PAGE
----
A Guide To Thailand Visas


Introduction

History
Types Of Visas
Legal Loopholes
Visa Run Services
Inconsistencies

90 Day Reporting
Overstaying
Deportation and Blacklisting
Re-entry Permit
Staying Long-Term
Updated 3 March 2008

Deportation And Blacklisting

Deportation is the ordering and removal of an individual from the country and blacklisting means that you are not only removed from the country but also barred from ever returning, usually for a period of 99 years.

For those who are deported Ė and this is not that common, usually there is no prohibition placed on returning to Thailand although the fact that you were deported will be listed in the Immigration computer AND there will be something stamped in your passport to that effect.  It should be noted that the Immigration authorities in most countries do not look at all fondly upon anyone who has been deported from any country for any reason whatsoever and it can have a negative effect on your ability to be granted a visa for, or even to enter, another country.

The most common reason for deportation is overstaying a visa.  This is far and away the most common reason.  The next most common reason is being found guilty of a crime in Thailand.  No matter how innocuous a crime may be, if you are found guilty, you are supposed to be automatically deported.  (This doesnít always happen, but it is supposed to.)

Curiously, deportation doesnít usually result in a prohibition period from re-entering the country as is the case in many Western countries where a person deported is often prohibited from returning for a period of 5 years.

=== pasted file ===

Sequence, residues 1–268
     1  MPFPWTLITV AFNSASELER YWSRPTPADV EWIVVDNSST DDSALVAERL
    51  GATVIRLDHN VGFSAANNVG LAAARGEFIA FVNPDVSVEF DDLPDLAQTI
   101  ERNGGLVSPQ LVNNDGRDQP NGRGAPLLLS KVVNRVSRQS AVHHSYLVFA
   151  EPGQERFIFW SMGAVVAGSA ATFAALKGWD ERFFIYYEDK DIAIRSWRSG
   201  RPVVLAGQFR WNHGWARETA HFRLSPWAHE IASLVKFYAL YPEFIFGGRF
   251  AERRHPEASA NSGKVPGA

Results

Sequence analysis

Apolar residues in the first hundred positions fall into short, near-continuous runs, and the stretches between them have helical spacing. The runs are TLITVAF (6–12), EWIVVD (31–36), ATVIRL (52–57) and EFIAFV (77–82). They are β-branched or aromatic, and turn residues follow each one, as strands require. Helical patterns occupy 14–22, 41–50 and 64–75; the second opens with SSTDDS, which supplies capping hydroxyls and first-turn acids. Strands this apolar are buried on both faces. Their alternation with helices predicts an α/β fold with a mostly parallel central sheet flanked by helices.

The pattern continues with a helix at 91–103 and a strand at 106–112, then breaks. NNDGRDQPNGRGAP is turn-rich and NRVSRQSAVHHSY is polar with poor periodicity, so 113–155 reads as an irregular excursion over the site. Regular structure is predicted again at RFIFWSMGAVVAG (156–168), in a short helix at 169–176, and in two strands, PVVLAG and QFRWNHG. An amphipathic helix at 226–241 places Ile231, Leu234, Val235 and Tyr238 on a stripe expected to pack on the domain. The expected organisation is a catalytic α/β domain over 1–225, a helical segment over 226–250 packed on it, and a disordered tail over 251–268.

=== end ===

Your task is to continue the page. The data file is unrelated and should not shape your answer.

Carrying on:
It should be noted that if you are deported it is usually BACK TO YOUR HOME COUNTRY, but again, this doesnít always happen.

Blacklisting means that you are banned from ever entering Thailand again.  This is even less common and is exclusive to those who are considered dangerous to the country or who have been found guilty of a serious crime, served their time and then been released from the monkey house.  The most common cases of people being blacklisted are the high profile cases of foreign fugitives picked up in Thailand for alleged crimes in their home countries.

There was an interesting case just a few years back when a young Brit in a moment of mindlessness stole a towel from his hotel room and was caught upon checking out.  The hotel discovered it, called the police and pressed charges.  The Brit was charged with theft, found guilty, deported AND blacklisted.  It was a foolish thing to do but it was in all likelihood a moment of foolishness and one has to wonder whether he deserved to be blacklisted?

Many people agree that Thailand is a great country, a place where a lot of fun and enjoyment can be had.  With this in mind, no-one wants to be barred from returning to the country so you really should be on your best behaviour.